Apr 5, 2011

Athletes say international marketing would benefit Bonaventure enrollment

ST. BONAVENTURE (Feb. 25) – Canadian soccer player Christopher Leko ran across The Richter Center’s multi-purpose court, weaving in and out of six orange pylons as he passed a soccer ball from one foot to the other.

“I came to St. Bonaventure University to keep playing soccer while getting an education,” said Leko. “But if I didn’t play soccer, I wouldn’t be here. Not because I don’t like it, but because I never would’ve heard of it.”

            Leko is one of 33 international undergraduate students this semester at St. Bonaventure University, said Brian Stavisky, director of compliance. Stavisky ensures Bonaventure complies with NCAA and Atlantic 10 conference rules.

            Only five are not student-athletes.

            “Eighty-five percent of our international students are athletes,” said Alice Sayegh, director of international studies. “And they’re here because of coaches’ global connections, not through the university’s marketing.”

            Men’s and women’s head tennis coach Michael Bates agreed.

            “I’ve been head coach for 16 years and when I first started, I mostly had Americans on my teams,” said Bates. “It wasn’t until I started meeting more coaches that I was able to start recruiting international players.”

            This semester Bates has 10 international athletes on both teams.

“Our international student-athletes are some of our best students and athletes,” said Michelle Kent, assistant athletic director for academic support and student services. “Men’s tennis has one of the best team GPA’s, mostly because of the international students.”

Last year the Atlantic 10 conference, the varsity athletic conference Bonaventure belongs to, named senior tennis player Enric Larregola of Lleida, Spain, the Atlantic 10 student-athlete of the year. Senior Mikhail Sudakov of Stupino, Russia, earned a spot on the Atlantic 10 All-Academic team for his 3.83 GPA in 2010, said Bates.

Freshman swimmer Jeanette Dietrich of Dorsten, Germany, said it’s easier to get higher grades at Bonaventure than in Germany.

“I had to leave all my friends and my family behind, but it [Bonaventure] was definitely the right decision,” said Dietrich. “The biggest difference is the way students get tested. In Germany I had to analyze everything and my tests were six hours long. I never had multiple choice or true and false tests before. But it's really nice to take a test and leave after 30 minutes.”

Dietrich said Bonaventure allowed her to go to school on scholarship and continue swimming.

“I’m bringing some multicultural flavor to Bonaventure,” Dietrich said, “and I can definitely learn a lot about American culture, the people and how they live.”

“In tennis, men’s soccer and swimming we’ve found some outstanding international athletes and students over the years, and they’ve taught regular students so much about other cultures,” said Steve Campbell, associate athletic director of internal operations. “We can always benefit from more international students.”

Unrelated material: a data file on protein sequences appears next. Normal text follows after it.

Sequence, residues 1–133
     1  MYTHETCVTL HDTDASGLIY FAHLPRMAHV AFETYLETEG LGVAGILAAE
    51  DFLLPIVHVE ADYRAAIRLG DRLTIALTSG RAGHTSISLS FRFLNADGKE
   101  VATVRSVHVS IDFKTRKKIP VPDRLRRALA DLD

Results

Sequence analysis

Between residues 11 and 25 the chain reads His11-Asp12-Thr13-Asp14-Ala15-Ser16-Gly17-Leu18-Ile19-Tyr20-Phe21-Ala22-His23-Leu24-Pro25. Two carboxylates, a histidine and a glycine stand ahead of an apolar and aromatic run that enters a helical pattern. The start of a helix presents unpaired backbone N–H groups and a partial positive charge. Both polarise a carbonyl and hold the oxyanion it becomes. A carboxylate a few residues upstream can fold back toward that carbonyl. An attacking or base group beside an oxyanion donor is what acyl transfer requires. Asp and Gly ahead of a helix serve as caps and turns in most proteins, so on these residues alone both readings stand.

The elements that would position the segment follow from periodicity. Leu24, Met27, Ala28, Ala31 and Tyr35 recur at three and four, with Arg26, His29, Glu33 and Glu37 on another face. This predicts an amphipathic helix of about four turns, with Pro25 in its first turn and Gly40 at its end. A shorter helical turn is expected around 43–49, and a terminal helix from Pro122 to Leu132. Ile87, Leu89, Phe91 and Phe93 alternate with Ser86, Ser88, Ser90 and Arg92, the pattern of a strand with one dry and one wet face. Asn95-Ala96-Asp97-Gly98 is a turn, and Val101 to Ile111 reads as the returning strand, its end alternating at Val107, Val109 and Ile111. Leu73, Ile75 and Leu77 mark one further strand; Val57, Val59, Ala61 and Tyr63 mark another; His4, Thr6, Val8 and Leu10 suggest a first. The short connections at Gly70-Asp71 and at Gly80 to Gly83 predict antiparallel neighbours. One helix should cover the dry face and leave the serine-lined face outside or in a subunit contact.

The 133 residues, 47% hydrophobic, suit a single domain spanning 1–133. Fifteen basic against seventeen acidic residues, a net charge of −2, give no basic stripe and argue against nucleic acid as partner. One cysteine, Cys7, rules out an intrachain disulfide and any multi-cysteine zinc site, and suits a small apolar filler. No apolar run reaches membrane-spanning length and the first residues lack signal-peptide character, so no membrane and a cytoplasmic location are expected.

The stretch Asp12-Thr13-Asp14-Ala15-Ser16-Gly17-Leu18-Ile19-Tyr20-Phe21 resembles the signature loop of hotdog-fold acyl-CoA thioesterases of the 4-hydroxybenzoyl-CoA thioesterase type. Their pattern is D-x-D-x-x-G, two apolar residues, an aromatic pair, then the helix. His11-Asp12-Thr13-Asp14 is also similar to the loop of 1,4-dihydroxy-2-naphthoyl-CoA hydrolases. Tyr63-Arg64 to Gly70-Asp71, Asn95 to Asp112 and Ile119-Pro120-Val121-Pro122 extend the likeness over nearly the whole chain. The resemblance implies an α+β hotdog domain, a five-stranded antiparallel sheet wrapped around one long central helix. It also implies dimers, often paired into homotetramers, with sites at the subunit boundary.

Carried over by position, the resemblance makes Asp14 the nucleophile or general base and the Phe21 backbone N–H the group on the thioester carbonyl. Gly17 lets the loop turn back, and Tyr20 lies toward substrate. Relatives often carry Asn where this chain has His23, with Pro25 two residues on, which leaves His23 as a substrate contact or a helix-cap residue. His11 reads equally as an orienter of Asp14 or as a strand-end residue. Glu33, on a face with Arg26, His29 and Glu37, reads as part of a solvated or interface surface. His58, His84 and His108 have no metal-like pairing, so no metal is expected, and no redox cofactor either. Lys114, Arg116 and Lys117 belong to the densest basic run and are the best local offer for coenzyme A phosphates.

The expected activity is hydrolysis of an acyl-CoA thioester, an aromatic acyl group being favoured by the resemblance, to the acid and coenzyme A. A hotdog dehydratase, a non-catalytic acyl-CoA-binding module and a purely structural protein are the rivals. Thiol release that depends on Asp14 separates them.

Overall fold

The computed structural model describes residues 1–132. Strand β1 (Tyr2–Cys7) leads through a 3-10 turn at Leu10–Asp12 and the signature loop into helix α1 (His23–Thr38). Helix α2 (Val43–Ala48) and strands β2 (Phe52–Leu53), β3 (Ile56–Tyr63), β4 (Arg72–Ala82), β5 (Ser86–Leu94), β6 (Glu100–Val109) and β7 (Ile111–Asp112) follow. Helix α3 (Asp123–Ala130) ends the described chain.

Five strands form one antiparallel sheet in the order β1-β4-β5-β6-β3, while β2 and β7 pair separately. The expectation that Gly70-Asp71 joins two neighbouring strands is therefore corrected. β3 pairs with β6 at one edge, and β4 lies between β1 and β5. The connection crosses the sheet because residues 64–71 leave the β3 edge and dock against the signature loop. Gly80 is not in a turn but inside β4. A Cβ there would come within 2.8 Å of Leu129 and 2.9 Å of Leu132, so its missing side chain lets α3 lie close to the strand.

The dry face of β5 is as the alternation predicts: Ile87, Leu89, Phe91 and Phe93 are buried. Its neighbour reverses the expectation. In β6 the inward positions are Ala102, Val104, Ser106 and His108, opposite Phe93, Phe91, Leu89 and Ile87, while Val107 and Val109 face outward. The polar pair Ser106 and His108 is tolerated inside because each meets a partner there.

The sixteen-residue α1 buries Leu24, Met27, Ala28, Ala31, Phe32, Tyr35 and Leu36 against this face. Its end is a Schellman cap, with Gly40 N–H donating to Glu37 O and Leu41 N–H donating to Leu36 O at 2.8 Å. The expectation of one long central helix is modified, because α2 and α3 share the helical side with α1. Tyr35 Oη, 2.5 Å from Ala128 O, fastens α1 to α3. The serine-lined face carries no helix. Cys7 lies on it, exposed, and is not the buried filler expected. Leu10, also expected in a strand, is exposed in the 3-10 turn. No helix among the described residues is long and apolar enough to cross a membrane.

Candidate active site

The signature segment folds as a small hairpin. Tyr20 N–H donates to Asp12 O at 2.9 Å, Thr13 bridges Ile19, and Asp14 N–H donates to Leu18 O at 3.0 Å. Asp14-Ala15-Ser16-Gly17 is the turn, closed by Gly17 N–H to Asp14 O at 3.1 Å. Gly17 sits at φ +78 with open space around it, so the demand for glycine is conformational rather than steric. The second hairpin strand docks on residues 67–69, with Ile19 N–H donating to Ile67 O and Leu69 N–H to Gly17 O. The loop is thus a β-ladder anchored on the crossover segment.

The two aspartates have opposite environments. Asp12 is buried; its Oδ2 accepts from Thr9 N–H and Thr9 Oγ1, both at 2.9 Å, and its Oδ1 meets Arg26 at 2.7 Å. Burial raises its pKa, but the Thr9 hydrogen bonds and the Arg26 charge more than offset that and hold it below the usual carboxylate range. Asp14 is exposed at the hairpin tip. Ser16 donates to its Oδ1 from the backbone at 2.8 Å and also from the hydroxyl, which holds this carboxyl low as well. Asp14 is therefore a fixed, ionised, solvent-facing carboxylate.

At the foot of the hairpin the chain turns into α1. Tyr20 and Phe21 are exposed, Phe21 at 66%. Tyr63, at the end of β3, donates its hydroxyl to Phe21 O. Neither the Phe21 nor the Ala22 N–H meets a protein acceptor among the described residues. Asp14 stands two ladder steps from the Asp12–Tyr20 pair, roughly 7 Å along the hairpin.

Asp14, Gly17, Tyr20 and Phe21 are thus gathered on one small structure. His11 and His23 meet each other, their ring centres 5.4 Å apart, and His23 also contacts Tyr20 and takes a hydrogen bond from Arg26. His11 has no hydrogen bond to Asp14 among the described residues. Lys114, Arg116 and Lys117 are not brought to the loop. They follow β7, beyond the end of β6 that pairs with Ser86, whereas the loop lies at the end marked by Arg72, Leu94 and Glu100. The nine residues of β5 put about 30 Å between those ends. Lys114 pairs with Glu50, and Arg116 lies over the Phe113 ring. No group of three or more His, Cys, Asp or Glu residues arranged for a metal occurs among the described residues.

This semester, Bonaventure has 28 international student-athletes on six of the 14 teams, said Stavisky. The university has 16 Canadians, two Russians, two Mexicans, one Pole, one Britain, one Netherlander, one German, one Serbian, one Venezuelan, one Bolivian and one Spaniard.

The collaborated St. Bonaventure University-George Washington University pre-med program brought two of the international non-student athletes here. The other three transferred from Jamestown Community College, Sayegh said.

“Bonaventure is a very well-known regional school, but isn’t well known nationally,” said Kate Dillon Hogan, associate vice president for enrollment. “We would need to make specific marketing efforts to increase name awareness. It would take a lot of time and resources with no guarantee of a significant return.”

“Bonaventure’s marketing plan doesn’t target international students,” Sayegh said, “but the university could attract international students if we marketed to them. I think we underestimate our potential.”

            Sayegh said Bonaventure’s safe location, small classes and easy access to Buffalo and New York City would attract international students.
Dillon Hogan said Bonaventure has a high number of Canadian alumni, but the Canadian government doesn’t give scholarships to students studying abroad. Canadian students may be eligible for some academic scholarship but no U.S. federal or regional aid.

            “The average student at Bonaventure receives $20,000 in financial aid each year,” Dillon Hogan said. “Students really depend on financial aid here. If international students don’t have some other individual scholarship to cover costs, like athletics, they’re limited.”

            For now, Bonaventure remains regionally known, said Dillon Hogan.
            “I love Bonaventure,” Leko said, “and I think if more Canadians knew about it they would come down and study here for its well-known journalism program and its small size. In Canada all the universities are so big, you’re just a number. At Bonaventure you’re a student.”

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